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February 13, 2004
Notes from the Pentagon

China hand ousted
China specialist Ronald Montaperto, a former Defense Intelligence Agency (DIA) analyst once investigated on suspicion of being a spy for China, has been placed on leave from the Pacific Command's Asia Pacific Center for Security Studies, we have learned.

Mr. Montaperto's departure from the Hawaii-based defense think tank was the result of a "personnel action," said a Pacific Command official, who declined to comment further, citing privacy concerns.

Another official said Mr. Montaperto's departure was the result of "security-related concerns."

No other details were available on the circumstances related to the departure. But defense officials tell us Mr. Montaperto recently tried unsuccessfully to regain a position at the National Defense University's Center for the Study of Chinese Military Affairs.

Mr. Montaperto came under suspicion of being a Chinese spy after a Chinese government official defected to the United States after the 1989 Tiananmen massacre. The defector told U.S. intelligence that China had successfully developed five to 10 clandestine sources of information here.

FBI counterspies suspected Mr. Montaperto was one of them when he worked in the DIA's China section. He had developed a close personal friendship with a Chinese major general, Yu Zhenghe, an air attache at the Chinese Embassy in Washington.

Mr. Montaperto was later cleared by investigators.

One official said Mr. Montaperto may have been dismissed from the Pentagon think tank in Hawaii as part of the expanding counterintelligence investigation of Katrina Leung, a Chinese-American socialite who worked as an FBI informant and who is accused of being a double agent who supplied secret documents to China.

Mr. Montaperto, who was dean of academics at the center, could not be reached for comment.

Rumsfeld on Israel
Defense Secretary Donald H. Rumsfeld fielded questions during his recent visit to Munich where he took part in an annual European security conference.

He was asked about the Arab-Israeli conflict and Israel's nuclear weapons. One man identified as a Palestinian noted Israel's nuclear weapons and suggested the United States is worried about Iran and North Korea but is not doing anything about Israel's arsenal.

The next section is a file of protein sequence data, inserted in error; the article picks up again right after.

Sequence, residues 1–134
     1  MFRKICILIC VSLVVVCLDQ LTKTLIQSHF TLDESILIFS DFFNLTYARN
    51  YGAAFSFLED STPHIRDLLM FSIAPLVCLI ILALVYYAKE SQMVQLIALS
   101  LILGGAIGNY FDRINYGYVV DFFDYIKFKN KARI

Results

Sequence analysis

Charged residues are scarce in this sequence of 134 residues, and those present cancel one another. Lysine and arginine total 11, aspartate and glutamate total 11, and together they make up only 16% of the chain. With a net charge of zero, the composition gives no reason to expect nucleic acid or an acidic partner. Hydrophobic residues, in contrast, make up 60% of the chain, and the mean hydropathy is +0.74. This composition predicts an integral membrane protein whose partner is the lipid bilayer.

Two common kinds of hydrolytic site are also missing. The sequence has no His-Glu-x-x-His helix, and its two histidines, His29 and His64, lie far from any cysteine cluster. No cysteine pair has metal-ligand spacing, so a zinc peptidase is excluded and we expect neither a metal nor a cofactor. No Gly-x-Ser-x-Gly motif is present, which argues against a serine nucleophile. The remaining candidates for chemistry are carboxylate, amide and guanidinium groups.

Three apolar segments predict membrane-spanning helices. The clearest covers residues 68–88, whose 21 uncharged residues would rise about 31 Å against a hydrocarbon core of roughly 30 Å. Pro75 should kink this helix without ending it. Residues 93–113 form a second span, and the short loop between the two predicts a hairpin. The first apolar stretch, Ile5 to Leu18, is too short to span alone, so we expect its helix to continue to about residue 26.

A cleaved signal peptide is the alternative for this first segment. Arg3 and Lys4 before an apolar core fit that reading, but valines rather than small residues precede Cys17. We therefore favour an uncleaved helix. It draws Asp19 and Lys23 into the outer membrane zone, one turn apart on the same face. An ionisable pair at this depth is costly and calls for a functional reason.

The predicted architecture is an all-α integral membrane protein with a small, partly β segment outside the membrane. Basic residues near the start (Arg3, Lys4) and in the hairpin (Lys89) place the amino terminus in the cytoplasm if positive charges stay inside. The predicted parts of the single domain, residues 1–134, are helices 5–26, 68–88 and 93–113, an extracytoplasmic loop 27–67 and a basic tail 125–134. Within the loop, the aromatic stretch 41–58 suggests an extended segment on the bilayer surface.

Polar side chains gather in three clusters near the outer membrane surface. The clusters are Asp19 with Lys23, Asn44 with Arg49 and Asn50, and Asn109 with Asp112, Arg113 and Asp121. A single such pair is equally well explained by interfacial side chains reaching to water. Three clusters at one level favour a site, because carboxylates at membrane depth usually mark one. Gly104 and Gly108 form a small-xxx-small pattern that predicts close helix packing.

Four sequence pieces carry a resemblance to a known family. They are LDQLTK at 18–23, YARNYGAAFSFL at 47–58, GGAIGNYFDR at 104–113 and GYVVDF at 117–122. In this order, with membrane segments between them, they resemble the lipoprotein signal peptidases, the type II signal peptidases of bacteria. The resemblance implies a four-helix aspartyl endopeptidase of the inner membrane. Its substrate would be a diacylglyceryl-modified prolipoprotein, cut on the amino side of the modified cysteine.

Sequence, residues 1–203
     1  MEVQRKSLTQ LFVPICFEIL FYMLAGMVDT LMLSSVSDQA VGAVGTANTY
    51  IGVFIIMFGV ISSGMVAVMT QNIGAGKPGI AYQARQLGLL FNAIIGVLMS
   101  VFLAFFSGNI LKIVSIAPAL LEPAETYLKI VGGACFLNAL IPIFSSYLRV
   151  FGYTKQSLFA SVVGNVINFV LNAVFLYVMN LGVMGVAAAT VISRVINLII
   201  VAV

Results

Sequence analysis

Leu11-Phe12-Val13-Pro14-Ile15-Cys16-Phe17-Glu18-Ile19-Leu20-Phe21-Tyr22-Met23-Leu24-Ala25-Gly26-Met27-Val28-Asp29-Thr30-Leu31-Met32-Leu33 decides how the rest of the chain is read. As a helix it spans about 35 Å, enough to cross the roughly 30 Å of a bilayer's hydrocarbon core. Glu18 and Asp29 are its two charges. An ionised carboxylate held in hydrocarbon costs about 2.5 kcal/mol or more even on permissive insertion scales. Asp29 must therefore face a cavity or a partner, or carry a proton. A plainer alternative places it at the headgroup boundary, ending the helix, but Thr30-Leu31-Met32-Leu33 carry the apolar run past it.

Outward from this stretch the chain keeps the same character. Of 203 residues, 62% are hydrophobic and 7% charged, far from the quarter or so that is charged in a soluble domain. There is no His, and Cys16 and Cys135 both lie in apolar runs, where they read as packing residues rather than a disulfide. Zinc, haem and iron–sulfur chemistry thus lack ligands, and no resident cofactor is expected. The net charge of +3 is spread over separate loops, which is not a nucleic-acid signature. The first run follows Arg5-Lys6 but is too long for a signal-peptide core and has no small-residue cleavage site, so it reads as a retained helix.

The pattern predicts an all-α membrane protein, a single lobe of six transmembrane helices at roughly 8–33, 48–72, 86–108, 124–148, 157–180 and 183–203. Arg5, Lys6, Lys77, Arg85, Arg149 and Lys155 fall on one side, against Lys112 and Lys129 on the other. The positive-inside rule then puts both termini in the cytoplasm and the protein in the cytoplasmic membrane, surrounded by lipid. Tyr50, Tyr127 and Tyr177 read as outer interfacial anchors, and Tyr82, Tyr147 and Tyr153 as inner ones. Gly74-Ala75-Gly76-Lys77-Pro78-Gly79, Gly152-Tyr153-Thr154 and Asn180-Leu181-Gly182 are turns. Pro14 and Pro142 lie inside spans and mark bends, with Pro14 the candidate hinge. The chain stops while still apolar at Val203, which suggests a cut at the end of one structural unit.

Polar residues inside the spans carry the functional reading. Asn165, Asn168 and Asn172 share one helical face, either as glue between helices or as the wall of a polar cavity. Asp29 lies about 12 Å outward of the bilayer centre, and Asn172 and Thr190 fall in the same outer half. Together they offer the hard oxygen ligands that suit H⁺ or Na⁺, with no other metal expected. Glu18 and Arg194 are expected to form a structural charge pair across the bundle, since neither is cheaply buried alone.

"You know the answer before I give it, I'm sure," Mr. Rumsfeld replied. "The world knows the answer. We take the world like you find it; and Israel is a small state with a small population. It's a democracy and it exists in a neighborhood. Many, over a period of time, [have] opined from time to time that they'd prefer it not be there and they'd like it to be put in the sea. And Israel has opined that it would prefer not to get put in the sea, and as a result, over a period of decades, it has arranged itself so it hasn't been put in the sea."

Schmidt talks
Air National Guard Maj. Harry Schmidt steadfastly has remained silent ever since the Air Force began investigating him in the "friendly fire" deaths of Canadian soldiers in Afghanistan.

Now, Maj. Schmidt is speaking for the first time via a declaration to a military appeals court.

Maj. Schmidt was flying his F-16 over Afghanistan when he mistook flashes of Canadian gunfire for enemy antiaircraft rounds. He dropped a bomb on what he later learned was a training range.

As the Air Force's prosecution slowly moves toward a court-martial, the military judge so far has refused to give Maj. Schmidt's attorney, Charles Gittins, the security clearance he needs to review all the evidence.

This means the prosecution team has tremendous control over what Mr. Gittins can and cannot learn. And, if the pilot wishes to discuss something of a classified nature with his attorney, the prosecutors get to monitor the information.